Target has lost more than $11 billion in market value since the start of a boycott over LGBT Pride merchandise that included trans pride items for children and items designed by a self-described Satanist.
Prior to the controversy, Target's stock closed at $160.96 a share, giving it a market capitalization of $74.3 billion, according to the New York Post. On Tuesday, it was trading at $135 a share and had a market capitalization of $62.5 billion.
The controversy began in mid-May when social media users noted that some LGBT Pride items were designed by British designer Eric Carnell and his company, Abprallen. Carnell openly calls himself a Satanist, although he says he views Satan as a metaphor. Another controversial item: a "tuck-friendly" women's swimsuit for biological males who identify as female but who have not had surgery.
Target said it was pulling some of the items, although it did not say which ones. Carnell, though, said his merchandise was among those no longer being sold.
"Since introducing this year's collection, we've experienced threats impacting our team members' sense of safety and wellbeing while at work," Target said in a statement. "Given these volatile circumstances, we are making adjustments to our plans, including removing items that have been at the center of the most significant confrontational behavior."
Businessman Kevin O'Leary, known for his appearance on Shark Tank, said Target had made a huge mistake by taking sides in a culture war. He pointed to Bud Light, whose parent company lost billions after a separate boycott by conservatives.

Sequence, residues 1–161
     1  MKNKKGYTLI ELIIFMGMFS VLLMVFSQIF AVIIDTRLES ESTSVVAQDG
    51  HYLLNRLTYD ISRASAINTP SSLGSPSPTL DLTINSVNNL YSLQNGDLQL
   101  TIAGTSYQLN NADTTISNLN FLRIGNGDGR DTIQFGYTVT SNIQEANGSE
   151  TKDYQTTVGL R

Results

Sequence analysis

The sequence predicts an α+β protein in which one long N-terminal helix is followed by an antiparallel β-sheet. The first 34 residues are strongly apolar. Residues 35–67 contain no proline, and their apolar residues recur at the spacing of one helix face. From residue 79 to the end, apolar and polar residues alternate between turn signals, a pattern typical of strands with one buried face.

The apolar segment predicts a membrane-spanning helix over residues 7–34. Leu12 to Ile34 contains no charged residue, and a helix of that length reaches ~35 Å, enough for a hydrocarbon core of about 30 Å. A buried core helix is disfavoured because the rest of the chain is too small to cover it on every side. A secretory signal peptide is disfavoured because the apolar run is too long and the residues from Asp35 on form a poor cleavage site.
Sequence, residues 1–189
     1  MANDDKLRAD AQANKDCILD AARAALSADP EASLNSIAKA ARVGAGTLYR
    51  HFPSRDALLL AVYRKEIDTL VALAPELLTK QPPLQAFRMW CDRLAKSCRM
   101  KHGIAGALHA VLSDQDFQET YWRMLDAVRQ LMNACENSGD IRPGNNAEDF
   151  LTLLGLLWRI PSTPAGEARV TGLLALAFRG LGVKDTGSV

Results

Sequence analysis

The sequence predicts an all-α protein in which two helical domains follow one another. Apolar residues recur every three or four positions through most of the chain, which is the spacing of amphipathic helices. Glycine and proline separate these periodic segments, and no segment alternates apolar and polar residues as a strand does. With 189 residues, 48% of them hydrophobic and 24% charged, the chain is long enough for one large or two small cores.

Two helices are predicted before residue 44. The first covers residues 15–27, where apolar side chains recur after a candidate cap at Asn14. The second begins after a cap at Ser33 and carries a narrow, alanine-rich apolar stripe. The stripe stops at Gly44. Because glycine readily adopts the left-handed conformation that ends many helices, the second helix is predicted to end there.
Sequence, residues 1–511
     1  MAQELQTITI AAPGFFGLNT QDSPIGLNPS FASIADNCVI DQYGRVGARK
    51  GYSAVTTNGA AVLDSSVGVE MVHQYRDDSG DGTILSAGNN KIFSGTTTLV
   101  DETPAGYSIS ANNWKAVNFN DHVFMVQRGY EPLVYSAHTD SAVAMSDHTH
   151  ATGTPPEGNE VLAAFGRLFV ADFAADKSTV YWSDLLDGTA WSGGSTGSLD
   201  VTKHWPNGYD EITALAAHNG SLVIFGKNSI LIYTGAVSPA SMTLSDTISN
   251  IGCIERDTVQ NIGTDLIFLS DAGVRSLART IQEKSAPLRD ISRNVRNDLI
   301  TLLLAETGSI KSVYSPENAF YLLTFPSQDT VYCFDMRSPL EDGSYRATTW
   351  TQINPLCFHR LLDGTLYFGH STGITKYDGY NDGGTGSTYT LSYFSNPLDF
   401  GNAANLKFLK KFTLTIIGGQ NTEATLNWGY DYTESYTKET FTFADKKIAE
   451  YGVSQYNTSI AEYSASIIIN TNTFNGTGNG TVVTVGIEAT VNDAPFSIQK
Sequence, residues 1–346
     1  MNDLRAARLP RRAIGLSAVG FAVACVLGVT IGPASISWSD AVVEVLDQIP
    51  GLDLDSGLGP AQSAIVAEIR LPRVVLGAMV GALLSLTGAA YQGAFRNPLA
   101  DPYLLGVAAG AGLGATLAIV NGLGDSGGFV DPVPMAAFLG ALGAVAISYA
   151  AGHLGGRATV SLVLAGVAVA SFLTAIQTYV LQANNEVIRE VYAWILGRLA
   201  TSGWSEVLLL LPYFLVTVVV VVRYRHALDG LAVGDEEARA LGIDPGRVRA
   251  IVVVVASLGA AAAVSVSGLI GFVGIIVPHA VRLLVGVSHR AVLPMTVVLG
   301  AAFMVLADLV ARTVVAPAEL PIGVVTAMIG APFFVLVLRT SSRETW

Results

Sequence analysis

"When Bud happened, I can't believe that boards didn't wake up to that decimation market cap… Budweiser was the American beer. It took decades to build that brand and they blew it up in 30 hours," O'Leary told Fox News.
Companies must avoid politics, he said.
"Let me give you an example," O'Leary said. "Do you ever hear a CEO that represents a company ever talking about abortion? Never. Because that is an issue that will never be resolved. It's a personal issue, it's a family issue, it's a religious issue. It's partisan forever. You don't touch it. Same thing with politics, same thing with gender identity. Everybody has a personal opinion about it. When you actually get involved in a fight like that, you lose 50 percent of your constituency."
Target also donates to GLSEN, an LGBT group that has taken controversial stances on several issues, including recommending that schools allow biological boys who identify as female to be allowed to participate in girls' sports.
Photo courtesy: ©Getty Images/Joe Raedle/Staff
Michael Foust has covered the intersection of faith and news for 20 years. His stories have appeared in Baptist Press, Christianity Today, The Christian Post, the Leaf-Chronicle, the Toronto Star and the Knoxville News-Sentinel.